June is spring in the Tetons and Yellowstone. There’s still plenty of snow on the ground and new snow threatens regularly. Night temps dip into the 30s. There are spring flowers, fresh green tips on pine trees, and squirrels shoving as much food into their faces as they possibly can. And there are babies, baby animals everywhere!
Paul says the Tetons and Yellowstone are zoos without fences. It’s true. These are the only places animals are protected and they seem to know it. We spotted hundreds of buffalo and elk, pronghorn antelopes, deer, and a few bighorn sheep, marmots, pelicans, bald eagles — and their babies — without really trying. In Mammoth campground, a baby elk with white spots on its coat followed its mother closely on wobbly legs as she gracefully stepped around picnic tables. In a meadow, we spotted five or six male elk with huge sets of velvety antlers. A baby bighorn sheep stood in the middle of the road on the way to Gardiner, MT, unsure what to do, as last year’s babies scrambled around on the cliff above. Baby buffalo nursed as their moms stared at us with glowering eyes. Incredibly tiny baby pelicans floated by their parents in a stream. Everything was in the process of shedding thick winter coats — all of the animals looked raggedy and unkempt, like hobos wearing ill-fitting, moth-eaten jackets from the Salvation Army.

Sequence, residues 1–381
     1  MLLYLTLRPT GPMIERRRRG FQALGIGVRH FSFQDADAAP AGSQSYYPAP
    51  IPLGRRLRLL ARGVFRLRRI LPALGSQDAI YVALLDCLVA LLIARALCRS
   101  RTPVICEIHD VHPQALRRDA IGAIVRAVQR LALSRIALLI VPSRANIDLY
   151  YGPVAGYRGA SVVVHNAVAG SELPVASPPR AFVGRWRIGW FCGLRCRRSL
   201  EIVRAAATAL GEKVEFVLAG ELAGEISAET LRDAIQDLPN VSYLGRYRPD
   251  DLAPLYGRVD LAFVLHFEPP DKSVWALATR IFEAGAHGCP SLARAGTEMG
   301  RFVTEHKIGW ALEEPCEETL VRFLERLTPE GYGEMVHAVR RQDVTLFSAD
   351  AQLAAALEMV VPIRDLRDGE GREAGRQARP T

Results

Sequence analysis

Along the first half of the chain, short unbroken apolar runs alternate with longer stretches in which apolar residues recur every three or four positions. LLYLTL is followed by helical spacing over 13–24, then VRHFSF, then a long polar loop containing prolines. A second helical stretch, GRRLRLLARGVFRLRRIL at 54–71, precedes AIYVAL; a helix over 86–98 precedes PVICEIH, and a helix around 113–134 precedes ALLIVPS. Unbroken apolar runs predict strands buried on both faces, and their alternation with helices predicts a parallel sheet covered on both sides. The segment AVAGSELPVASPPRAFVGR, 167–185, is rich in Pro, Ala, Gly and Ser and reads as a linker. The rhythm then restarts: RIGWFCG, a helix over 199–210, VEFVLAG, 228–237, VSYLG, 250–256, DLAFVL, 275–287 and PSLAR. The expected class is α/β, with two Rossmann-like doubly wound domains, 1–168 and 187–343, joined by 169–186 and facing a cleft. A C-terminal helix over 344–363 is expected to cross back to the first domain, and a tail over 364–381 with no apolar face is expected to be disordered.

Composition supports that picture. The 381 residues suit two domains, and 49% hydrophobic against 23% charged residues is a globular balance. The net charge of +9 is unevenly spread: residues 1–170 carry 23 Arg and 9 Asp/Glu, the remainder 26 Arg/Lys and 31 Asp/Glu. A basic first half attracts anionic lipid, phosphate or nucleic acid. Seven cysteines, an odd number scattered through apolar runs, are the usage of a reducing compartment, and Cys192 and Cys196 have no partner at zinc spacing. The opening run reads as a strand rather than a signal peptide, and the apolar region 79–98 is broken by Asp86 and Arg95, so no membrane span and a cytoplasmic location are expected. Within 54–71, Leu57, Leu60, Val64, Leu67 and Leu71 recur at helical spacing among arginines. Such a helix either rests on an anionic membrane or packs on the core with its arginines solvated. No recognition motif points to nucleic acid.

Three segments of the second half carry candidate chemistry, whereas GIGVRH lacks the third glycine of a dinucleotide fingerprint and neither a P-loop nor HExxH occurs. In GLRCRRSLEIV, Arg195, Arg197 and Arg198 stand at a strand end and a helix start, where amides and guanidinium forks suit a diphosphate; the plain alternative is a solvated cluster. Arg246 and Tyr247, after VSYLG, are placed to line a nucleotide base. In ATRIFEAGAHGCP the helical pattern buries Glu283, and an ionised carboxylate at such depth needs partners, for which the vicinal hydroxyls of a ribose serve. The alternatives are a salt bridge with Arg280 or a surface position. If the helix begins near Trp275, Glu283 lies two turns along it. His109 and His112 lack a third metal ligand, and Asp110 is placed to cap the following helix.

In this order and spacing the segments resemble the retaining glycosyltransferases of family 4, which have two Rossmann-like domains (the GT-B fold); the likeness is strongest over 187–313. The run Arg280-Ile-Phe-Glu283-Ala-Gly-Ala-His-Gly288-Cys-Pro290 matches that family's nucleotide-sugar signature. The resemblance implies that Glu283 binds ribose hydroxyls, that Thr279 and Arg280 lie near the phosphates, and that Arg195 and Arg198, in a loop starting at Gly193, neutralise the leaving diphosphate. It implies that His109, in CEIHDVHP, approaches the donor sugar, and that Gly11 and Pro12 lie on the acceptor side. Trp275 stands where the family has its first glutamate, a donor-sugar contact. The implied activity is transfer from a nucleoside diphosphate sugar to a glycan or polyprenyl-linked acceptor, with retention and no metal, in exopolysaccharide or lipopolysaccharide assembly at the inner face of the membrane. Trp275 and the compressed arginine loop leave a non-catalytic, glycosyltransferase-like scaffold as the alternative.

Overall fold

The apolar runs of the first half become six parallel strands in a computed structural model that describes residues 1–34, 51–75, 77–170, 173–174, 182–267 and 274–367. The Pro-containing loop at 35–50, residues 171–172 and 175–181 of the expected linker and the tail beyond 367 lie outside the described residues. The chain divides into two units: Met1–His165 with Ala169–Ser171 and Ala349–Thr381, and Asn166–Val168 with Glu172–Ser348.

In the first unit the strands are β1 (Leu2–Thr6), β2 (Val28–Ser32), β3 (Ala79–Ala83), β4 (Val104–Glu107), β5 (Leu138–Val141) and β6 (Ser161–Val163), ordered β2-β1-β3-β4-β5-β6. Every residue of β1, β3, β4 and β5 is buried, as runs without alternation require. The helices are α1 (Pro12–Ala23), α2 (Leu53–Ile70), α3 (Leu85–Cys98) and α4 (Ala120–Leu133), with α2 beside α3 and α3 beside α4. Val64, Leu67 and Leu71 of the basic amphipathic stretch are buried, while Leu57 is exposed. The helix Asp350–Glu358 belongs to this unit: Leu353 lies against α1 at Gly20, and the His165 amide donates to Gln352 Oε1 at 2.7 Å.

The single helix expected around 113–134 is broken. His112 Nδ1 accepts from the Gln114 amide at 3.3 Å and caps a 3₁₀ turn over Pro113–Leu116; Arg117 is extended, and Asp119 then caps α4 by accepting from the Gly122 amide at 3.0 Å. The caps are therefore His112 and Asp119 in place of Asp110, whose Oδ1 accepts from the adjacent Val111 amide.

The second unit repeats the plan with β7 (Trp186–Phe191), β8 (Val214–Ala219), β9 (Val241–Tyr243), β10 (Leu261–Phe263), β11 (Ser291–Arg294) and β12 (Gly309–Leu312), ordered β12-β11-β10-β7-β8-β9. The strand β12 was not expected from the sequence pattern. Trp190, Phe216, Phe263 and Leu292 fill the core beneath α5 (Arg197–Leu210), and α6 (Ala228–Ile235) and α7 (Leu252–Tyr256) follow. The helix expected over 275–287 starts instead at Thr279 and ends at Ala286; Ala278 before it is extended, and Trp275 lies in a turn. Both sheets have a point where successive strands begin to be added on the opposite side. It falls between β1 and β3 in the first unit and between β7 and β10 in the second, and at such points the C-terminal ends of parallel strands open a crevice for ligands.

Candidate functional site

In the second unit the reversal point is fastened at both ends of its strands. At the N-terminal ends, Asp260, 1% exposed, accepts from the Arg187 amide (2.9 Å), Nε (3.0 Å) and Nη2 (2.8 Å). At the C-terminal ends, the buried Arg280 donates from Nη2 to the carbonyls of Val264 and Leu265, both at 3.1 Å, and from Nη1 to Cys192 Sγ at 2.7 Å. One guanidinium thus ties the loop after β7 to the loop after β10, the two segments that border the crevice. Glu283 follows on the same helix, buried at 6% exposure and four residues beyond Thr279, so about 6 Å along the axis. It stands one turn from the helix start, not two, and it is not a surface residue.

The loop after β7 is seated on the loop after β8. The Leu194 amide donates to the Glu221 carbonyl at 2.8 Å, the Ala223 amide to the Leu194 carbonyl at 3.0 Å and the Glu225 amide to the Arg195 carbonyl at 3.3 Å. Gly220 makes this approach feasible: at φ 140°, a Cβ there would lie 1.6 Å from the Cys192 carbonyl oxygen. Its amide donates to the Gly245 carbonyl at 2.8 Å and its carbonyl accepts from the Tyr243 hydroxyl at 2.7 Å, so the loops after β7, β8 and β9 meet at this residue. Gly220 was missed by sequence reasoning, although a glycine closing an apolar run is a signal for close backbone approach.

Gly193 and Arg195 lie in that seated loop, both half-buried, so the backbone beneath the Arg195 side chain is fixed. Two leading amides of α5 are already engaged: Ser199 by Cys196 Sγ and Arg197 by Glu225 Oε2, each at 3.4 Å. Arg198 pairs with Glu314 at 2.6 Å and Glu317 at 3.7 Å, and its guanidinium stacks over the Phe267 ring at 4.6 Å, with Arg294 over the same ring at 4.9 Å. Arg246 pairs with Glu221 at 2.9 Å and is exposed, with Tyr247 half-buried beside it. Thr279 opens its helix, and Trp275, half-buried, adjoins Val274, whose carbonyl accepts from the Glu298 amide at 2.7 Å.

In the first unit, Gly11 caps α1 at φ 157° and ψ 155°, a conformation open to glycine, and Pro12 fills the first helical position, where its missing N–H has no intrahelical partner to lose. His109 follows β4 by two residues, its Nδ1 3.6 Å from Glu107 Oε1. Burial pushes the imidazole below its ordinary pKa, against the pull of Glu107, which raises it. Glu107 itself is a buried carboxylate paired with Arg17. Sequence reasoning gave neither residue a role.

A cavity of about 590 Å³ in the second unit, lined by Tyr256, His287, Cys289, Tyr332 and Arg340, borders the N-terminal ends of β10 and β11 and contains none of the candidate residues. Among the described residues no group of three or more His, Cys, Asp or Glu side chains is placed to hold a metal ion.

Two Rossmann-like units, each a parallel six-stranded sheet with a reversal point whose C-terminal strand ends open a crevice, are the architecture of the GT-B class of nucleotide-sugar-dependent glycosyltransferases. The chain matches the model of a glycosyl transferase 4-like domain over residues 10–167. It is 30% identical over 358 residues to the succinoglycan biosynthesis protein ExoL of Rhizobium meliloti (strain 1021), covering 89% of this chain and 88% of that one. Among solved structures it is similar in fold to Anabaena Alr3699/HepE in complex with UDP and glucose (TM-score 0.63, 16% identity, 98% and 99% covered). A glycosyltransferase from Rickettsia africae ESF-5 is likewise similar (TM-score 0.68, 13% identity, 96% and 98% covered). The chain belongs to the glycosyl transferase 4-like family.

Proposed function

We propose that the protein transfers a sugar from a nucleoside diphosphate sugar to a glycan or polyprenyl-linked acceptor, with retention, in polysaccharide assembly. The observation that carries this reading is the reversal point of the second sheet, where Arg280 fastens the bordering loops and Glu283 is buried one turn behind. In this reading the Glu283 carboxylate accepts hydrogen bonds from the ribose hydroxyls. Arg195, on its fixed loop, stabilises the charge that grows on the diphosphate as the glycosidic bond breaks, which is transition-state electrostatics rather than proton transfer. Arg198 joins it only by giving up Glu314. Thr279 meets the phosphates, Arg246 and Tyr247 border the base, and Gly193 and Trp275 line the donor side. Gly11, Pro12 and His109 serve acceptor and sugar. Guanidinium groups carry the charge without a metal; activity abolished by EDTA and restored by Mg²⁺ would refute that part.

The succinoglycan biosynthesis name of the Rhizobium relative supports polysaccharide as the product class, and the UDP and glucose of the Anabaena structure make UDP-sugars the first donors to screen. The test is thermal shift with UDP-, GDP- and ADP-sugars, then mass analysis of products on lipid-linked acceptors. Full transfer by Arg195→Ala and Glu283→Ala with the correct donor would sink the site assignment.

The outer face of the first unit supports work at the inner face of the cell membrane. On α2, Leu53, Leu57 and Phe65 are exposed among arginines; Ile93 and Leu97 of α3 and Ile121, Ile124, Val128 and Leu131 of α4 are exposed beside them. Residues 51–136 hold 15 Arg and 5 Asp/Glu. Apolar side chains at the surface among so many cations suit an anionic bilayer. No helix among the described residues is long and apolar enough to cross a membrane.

Rumors of bears and little cubs floated on the air. Both parks were on high alert due to lots of bear activity. Mother bears are extremely protective when it comes to their cubs. Trails and areas were “closed” due to bear activity. We got stuck in a few bear jams (three in one day — I almost lost it), but we didn’t see any bears — until I spotted a dark shape in the rearview mirror as we were driving north in the Tetons — a bear was galloping at full speed across the road behind us. You know bears are supposed to be able to move fast, but I’ve never actually seen a bear running at full speed. It was terrifying.
The only thing we couldn’t find was a moose, despite our best efforts and best patience. It’s a poor numbers game in Yellowstone, where only 100 moose are estimated to live in the entire park, but I thought we’d find one in the Tetons. We overheard a woman in Yellowstone bragging about the seven moose she’d seen in the Tetons, but I didn’t believe her. Moose are shier, more solitary, more elusive than most of the other animals we’d spotted. It’s easy to spot a big herd of animals; it’s harder to catch a lone moose. We remain on moose watch.